Issue #10

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Curiously Green

Cutting down on the carbon calories
In our industry, it’s easy to be on devices all day – listening to a podcast at breakfast time, creating code and making websites all day, stopping to check texts and social media at lunchtime. Then after work we relax in front of the TV to watch the latest Netflix show. This is even more true since COVID-19 landed, meaning more and more of us are working from home, and spending more time on devices than ever before.


So, in this issue, we look at trimming the ‘fat’ from our digital diet, to give us healthier minds and a healthier planet. On top of that, we have a guest book review this month from Manifesto Digital’s Neil Clark. Thanks Neil!


If you feel inspired by anything you read today, would like to share your ‘diet tips’ or simply have anything to share that you think I might like to see, just hit reply. I’d love to hear from you!

– Tom Greenwood

Top picks from the green web
Do Nation asks us to go on a Digital Diet

Do Nation asks us to go on a Digital Diet


We’ve long been fans (and members of!) pledging for the planet website, Do Nation. It’s a great example of a web application that has a truly positive impact on the planet and people’s health. Over the years our team have joined in with many of their drives to increase pledges, with Wholegrain Digital trying to top the B Corp leaderboard for the number of pledges per person.

This month, we love them even more, for the introduction of their brand new ‘Do Action’, which encourages people to pledge to go on a ‘Digital diet’.

I made this pledge myself last week and wondered whether I’d be able to do it, but I’ve been pleasantly surprised how much I have enjoyed avoiding Netflix and YouTube. Yes, I have been watching 5 year old episodes on Have I Got News for You on Dave, but when that gets tedious I’ve been finding other things to do instead of watching TV. I’ve also been trying to send less emails, which is somewhat harder, but I’m making progress.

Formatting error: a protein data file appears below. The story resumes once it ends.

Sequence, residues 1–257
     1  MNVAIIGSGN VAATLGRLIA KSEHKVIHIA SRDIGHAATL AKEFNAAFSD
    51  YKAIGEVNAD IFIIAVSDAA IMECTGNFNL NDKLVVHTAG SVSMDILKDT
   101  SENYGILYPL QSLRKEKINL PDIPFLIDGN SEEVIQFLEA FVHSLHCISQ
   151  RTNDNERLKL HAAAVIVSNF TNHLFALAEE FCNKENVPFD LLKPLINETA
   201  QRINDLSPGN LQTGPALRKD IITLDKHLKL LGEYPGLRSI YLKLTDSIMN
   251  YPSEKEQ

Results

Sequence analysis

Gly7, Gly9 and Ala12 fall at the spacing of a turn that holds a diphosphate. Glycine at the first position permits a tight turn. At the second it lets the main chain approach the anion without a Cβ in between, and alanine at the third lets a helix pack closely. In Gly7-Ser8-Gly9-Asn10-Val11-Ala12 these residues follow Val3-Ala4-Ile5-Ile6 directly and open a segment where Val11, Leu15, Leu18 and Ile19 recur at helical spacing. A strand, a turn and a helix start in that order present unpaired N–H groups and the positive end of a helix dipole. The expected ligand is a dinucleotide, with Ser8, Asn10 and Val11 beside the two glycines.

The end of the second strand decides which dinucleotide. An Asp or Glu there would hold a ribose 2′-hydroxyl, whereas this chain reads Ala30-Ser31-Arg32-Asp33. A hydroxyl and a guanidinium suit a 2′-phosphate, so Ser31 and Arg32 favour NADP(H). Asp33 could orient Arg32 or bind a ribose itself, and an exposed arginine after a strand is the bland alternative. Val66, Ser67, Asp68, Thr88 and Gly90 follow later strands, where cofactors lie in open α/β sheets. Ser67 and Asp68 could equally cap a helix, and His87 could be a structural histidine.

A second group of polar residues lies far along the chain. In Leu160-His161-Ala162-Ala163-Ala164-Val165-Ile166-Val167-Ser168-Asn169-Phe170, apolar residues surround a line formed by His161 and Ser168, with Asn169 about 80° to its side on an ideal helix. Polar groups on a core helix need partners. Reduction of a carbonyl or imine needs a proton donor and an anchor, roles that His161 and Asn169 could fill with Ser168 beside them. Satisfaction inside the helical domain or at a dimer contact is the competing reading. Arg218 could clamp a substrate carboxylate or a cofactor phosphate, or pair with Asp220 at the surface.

We encourage you to make this pledge today!

Cutting the code to cut the carbon

Cutting the code to cut the carbon


We were really pleased to see sustainable web design covered by future focused science and technology magazine, Wired. Focusing on Danny van Kooten’s refactoring of his WordPress plugin, and the difference a little trimming of the code made on its impact on the environment, the article looks at how our throwaway habits add up.

Counting the carbon calories

Counting the carbon calories


Technology giant Logitech has announced that it intends to introduce carbon impact labeling across its entire product range, starting with its gaming products later this year.

Much like calorie labels on food, this new development will allow buyers to purchase products more consciously, taking into account the potential carbon impact of their purchase. As the article states, it will take an industry-wide effort to truly make a difference, but we have to start somewhere and it’s fantastic to see Logitech taking the lead.

Quote of the month

"The world wide web truly exists outside of the internet"


Emily Dela Cruz

Book of the month
Soil, Soul, Society by Satish Kumar

Soil, Soul, Society by Satish Kumar


This is a book that forces you to take a real step back and assess what’s important. It uses concepts from Hindu, Buddha and Jain traditions (don’t worry, I’m not a religious person, the author is excellent at explaining what you need to know!) to make you consider the bigger picture of why our choices are important and the context within which we exist.

His passion for the subject made me snatch time whenever I could to read a few pages. The basic concept is of caring for the soil, caring for yourself and for everything (all things that inhabit earth, not just humans) else is simple, which makes it easy to read but the depth which backs up his points makes it really interesting.

My favourite take away one liner is “Whatever you make should be beautiful, useful and durable”. All three at once, without all three what you’ve made is simply not enough. I think we all need to critique our products are services with that in mind.

The end of the book is a great piece about how we’ve taken globalisation to unsustainable levels and the assumption that bigger is better. This part is essentially an extensive review of “Small is Beautiful: Economics as if people matter”, so you’re getting two books in one!

I’m sure everyone reading this newsletter is much further along the spectrum of understanding our place on the planet but this book will definitely reinvigorate that for you.

– Neil Clark

Quick links from our team & friends
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